Change is good. Getting in shape is good. Learning to eat healthily is good. BUT, none of those things are good when they become too restrictive. None of those things are good when they accompany degrading self-talk, comparison, or when they lead to over-exercise and under-eating, or lethargy and over-eating.
This is not a pass to skip exercise. As a Certified Athletic Trainer and Olympic Hopeful, I am the last person who is going to give you such a pass. Moving your body is so important for each of us. But this is a pass to stop comparing yourself, to learn to love yourself, to see yourself as your Heavenly Father does. Eat real food. Exercise to move your body, not lost weight. Rest. Remember your value.
If you don’t love yourself, your body, right where you are at this moment, you aren’t going to love yourself at any other size, shape, [insert your struggle here] either.
Let's remember the Great Engineer.
Scripture talks over and over about our bodies being the temple of the Holy Spirit, a gift we have received from God (1 Corinthians 6:19-20), and how we are to offer our bodies as living sacrifices to God (Romans 12:1-2). Paul wasn’t specifically thinking of exercise and food when he wrote those passages, however he was talking about how we use and view our bodies in light of what God created them to be.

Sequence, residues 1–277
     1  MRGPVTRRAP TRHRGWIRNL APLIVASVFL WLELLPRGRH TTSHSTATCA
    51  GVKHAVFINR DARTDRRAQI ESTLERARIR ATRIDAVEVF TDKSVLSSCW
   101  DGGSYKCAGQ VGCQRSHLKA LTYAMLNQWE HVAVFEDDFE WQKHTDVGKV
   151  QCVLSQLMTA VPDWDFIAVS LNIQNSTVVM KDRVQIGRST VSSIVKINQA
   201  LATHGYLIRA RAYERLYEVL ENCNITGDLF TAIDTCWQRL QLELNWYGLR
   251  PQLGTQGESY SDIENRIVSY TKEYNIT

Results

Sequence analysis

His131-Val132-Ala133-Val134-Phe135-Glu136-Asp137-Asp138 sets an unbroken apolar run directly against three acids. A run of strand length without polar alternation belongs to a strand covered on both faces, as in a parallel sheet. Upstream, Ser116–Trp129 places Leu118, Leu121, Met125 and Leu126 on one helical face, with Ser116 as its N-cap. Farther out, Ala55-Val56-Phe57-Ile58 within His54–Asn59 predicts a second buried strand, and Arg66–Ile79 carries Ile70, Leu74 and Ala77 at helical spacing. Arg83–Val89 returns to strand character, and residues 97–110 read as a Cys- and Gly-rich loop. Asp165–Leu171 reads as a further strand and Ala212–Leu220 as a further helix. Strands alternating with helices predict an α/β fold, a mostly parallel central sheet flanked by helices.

We aren’t respecting the gift of our bodies when we speak negatively to ourselves, about our bodies or someone else’s body. We aren’t offering our bodies as living sacrifices when we make choices that don’t fuel our bodies properly, or allow them to rest. Starving and depriving yourself is not fueling and caring for your body
God created our bodies to do wonderful and magical things; it’s part of why my husband calls God the “Great Engineer.” He designed our bodies to need fuel in the form of a variety of foods, to need movement, and to even need rest. Our bodies are a gift, and when we use them contrary to how God created them to be – in comparison, restriction, binging, purging, over-exercise, under-eating, overeating and/or not exercising - we may as well be telling God he failed, and that’s not true.
This is truth.
Part of honoring God with our bodies is in how we eat, how we exercise, how we talk about our own bodies, and other people. It means we need to be cognizant of our self-talk, of whether or not our speech is uplifting, edifying or degrading. It means we need to learn to be grateful for the gift of the body He has given each of us, and use it to the best of our abilities where He’s placed us.
For more stories from real women about their journey with food, exercise and learning to love themselves as God does, check out The Real Beauty Series that Laura hosts on her photography blog.
Laura is a professional photographer, Certified Athletic Trainer, Olympic Hopeful in skeleton doing life on the Rocky Mountain foothills just south of Boulder, Colorado. She is a former collegiate cross-country runner turned elite skeleton athlete aiming for the 2022 and 2026 Winter Olympic Games. Married to Ryan, she and her husband love to spend any free moment they have hiking, biking, skiing, running, and sliding (Hello! Skeleton!) over their Rocky Mountain backyard.